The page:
Unlike more traditionally published journals and periodicals, Urban Graffiti is an irregularly published zine. Because of this, and due to the nature of UG's content and it's primary means of advertising (word-of-mouth), UG has an "open door" submissions policy. While there have been and will be calls for submissions for particular issues, this by no means closes the door of UG's usual "open door" submissions policy. UG welcomes your fiction, poetry, prose essays, photography, artwork, comics, etc, at any time during the year.
URBAN GRAFFITI is a litzine of transgressive, discursive, post-realist writing concerned with the struggles of hard-edged urban living, alternative lifestyles, deviant culture -- and presented in their most raw and unpretentious form -- using sex, violence, shock value, parody, cynicism, irony, and black humour to explore the underside of contemporary urban existence.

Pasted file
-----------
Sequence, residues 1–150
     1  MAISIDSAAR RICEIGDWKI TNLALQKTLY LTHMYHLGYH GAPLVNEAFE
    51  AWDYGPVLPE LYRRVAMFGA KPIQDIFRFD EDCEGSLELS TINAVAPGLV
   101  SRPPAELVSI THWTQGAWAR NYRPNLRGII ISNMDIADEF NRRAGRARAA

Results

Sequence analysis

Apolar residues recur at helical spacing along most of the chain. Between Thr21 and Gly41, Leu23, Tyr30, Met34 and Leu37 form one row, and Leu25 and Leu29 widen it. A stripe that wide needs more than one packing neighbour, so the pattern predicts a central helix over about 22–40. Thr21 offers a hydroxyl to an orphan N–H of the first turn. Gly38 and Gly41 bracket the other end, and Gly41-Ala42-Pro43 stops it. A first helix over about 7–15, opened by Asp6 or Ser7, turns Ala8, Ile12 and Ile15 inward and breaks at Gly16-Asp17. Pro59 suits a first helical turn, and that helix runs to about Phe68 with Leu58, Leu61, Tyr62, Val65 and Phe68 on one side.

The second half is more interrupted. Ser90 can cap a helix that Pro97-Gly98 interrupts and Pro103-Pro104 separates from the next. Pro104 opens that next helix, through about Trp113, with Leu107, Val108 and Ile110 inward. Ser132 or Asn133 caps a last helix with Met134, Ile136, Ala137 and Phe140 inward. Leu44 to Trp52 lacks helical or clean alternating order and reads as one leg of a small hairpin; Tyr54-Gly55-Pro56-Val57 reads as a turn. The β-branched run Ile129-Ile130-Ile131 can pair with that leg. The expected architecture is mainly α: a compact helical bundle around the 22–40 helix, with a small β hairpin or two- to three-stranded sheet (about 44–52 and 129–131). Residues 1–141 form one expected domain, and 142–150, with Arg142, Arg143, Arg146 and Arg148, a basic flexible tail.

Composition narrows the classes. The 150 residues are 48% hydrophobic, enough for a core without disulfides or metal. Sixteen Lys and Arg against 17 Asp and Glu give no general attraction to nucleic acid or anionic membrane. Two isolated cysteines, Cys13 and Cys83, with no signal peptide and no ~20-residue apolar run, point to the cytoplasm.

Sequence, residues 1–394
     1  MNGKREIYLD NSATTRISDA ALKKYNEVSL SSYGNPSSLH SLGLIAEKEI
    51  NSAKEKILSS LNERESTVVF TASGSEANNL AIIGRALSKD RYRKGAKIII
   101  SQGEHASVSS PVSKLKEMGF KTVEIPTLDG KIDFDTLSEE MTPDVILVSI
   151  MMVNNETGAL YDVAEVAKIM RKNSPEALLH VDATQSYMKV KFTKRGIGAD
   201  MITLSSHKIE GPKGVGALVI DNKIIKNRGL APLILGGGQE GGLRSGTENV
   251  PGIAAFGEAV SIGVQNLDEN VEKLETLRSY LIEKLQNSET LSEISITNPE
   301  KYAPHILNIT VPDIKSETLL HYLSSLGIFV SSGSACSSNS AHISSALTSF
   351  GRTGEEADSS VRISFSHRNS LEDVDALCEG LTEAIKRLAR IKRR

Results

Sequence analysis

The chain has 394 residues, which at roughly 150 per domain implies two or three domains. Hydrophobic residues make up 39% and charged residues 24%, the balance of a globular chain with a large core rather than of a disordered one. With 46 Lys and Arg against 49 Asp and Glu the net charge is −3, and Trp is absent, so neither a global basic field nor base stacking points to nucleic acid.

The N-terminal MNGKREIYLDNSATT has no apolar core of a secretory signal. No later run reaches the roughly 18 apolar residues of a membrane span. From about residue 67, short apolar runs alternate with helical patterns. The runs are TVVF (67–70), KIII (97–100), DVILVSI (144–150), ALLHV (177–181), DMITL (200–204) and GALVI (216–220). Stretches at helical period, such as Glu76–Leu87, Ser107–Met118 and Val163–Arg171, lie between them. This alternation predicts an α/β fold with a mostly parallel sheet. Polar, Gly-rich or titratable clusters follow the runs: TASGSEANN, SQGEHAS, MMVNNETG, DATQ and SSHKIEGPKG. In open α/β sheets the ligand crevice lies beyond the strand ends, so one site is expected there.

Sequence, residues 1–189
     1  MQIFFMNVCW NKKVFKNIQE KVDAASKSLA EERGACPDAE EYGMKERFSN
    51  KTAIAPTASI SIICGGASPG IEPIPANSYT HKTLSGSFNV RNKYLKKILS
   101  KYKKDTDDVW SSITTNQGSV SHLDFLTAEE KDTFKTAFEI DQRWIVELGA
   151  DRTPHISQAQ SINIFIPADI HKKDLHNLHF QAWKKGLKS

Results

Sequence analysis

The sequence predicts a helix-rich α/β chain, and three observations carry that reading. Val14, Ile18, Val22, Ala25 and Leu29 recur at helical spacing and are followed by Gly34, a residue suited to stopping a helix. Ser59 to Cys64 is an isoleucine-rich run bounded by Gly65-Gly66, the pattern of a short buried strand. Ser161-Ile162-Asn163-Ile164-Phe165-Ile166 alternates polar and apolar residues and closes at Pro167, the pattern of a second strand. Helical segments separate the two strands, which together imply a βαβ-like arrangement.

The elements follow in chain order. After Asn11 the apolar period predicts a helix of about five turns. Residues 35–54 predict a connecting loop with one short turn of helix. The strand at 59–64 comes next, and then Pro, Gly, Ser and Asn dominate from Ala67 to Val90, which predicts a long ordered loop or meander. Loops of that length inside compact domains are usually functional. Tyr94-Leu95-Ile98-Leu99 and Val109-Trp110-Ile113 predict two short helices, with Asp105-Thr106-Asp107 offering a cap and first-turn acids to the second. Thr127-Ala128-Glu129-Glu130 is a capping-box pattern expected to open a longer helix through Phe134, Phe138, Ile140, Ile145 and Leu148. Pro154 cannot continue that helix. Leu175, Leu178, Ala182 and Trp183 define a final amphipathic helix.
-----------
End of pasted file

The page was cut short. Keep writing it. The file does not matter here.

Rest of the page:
Submit up to three pieces at a time, and follow these guidelines: Art, due to technological limitations, should be no bigger than 8 1 /2 by 11 inches. Exact reproduction is impossible. Manuscripts should be absolutely no longer than 15 pages, typed double-spaced. Fiction from 50 to 5000 words. Optimum length (for fiction, essays, etc.) is between five and ten pages.
Compensation is made in copies only, and URBAN GRAFFITI retains the right to reprint issues as PDF files and accepted submissions in anthology form.
The February 1st, 2010 deadline for submissions for Urban Graffiti 11's "Debauchery & Vice" Issue is fast approaching. Email those submissions in and beat the deadline. For further information, please read earlier posts.